Guy: I think we should have it be a play
Harriet: What do you mean?
Guy: I think we should have a wedding that is also a play.
Guy: It would make it so much better! I can cast some of the kids I teach at the college.
Harriet: I thought we were going to keep it medium sized. You me, the priest, a witness and the cat.
Guy: I can’t cast a cat, Harriet. Can you take this wedding play seriously for a second?
Harriet: So here is where I’m thinking.
Guy: But this is just your bedroom. Isn’t it a little weird to get married in your bedroom?
Harriet: No, it’s not weird. I mean, yeah I wouldn’t want other people in here who aren’t me. Or you, I guess. I guess I have to get used to you. But I was thinking the cat could get certified online or something. Like, instead of the priest.
Guy (looking around): But where will the audience go?
Harriet: Okay, so here it is.
Guy: Much Better.
(They walk to the altar.)
Harriet: It’s crazy to think in just a few months we’ll be up here exchanging vows.
Guy (pointing to the back of the chapel): Yeah, or back there or whatever.
Guy: Well we’ll need this front part for the play.
Harriet: I’m thinking for the menu, maybe you and I just order in, sit back on the couch, put on NPR, and let the others figure it out.
Guy: I don’t know. I mean we should at least have popcorn and soda.
Harriet: That’s movies, not plays, Guy.
Guy: Are you sure? Are you sure it isn’t both?
Harriet: Well it’s definitely not weddings.
Guy: I think maybe someone else should play you.
Guy: In the play.
Guy: I’m just really beginning to believe you don’t support me and I feel like this play is getting in the way of our relationship. So I think you should bow out.
Guy: Look, I’m not asking for much here.
Guy: So Melinda’s going to play you.
Harriet: The student who wrote you all those love letters?
Guy: Oh, I wouldn’t call them love letters.
Harriet: And sent me death threats?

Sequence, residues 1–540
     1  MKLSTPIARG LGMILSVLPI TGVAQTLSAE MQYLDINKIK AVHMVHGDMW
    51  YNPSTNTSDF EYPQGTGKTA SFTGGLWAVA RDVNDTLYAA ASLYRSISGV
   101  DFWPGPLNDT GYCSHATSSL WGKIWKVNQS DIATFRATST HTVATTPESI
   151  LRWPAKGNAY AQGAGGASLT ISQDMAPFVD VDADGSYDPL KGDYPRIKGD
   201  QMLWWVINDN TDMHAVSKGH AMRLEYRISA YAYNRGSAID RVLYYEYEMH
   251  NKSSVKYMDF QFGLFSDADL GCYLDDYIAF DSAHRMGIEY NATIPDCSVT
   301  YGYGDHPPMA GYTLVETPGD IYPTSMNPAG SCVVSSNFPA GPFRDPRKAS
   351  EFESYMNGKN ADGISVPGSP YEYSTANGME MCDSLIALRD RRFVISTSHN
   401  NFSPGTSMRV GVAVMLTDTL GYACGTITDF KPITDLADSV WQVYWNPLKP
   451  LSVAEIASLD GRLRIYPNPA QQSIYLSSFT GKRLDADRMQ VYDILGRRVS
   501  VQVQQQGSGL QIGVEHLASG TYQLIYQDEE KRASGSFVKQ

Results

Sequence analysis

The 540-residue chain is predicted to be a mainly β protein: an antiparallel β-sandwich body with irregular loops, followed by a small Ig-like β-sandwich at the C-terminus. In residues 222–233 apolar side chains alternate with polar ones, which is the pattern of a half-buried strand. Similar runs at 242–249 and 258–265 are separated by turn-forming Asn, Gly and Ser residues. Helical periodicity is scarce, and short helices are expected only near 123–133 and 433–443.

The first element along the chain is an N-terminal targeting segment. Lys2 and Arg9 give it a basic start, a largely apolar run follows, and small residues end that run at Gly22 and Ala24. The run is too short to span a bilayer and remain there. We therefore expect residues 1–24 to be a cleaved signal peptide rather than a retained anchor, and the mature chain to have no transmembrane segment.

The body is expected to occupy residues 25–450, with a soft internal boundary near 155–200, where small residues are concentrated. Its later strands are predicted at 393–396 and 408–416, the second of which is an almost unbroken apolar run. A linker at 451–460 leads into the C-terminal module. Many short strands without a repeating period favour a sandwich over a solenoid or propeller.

Guy: Well, she did do that.
Harriet (reading manuscript): So wait. So which part is the play and which part is the wedding.
Guy: The what-ing?
Harriet: The part where you and I get married.
Guy: Oh don’t even worry about that, I know you don’t like people so you can just stay in the audience and let us take care of it. We have someone to play you, remember?
Harriet: So what you’re saying is, you’re going to marry Melinda.
Guy: No no no no no. You don’t understand how acting works.
Guy: The invites came!
Invite: COME ONE, COME ALL TO GUY’S THEATRICAL WEDDING DEBUT
Harriet: My name isn’t anywhere on this.
Guy: Oh sorry! Damn it, I knew I forgot something. You always forget something, you know? By the way, I changed the venue to the Roxy.
(Guy is at Harriet’s door.)
Harriet: Listen, you do the whole wedding/play thing and I’ll stick around here.
Guy: I really think you should come to watch your own wedding Harriet. I feel like you’re not being supportive of me again.
Harriet: Well I made plans with Brian already and you know how he gets about plans.
Guy: Who’s Brian?
Harriet: Oh it doesn’t matter, he’s just a friend.
Guy: I didn’t know you had a friend. I thought all you had were my friends.
Harriet: Well you’ve been busy with all this wedding planning: the casting, the rehearsals, the costumes, deciding how much popcorn and soda.
Guy: While you’ve been doing what exactly with Brian?
Harriet: Oh, you know, we hang out in my room with my cat not talking to other people. Sometimes we do jigsaw puzzles in silence or read across the room turned away from each other.
Guy: I could do those things. I could do those things with you, the not talking.
Harriet: No, no. Go do the play. Get in touch when it’s done so I know we’re married.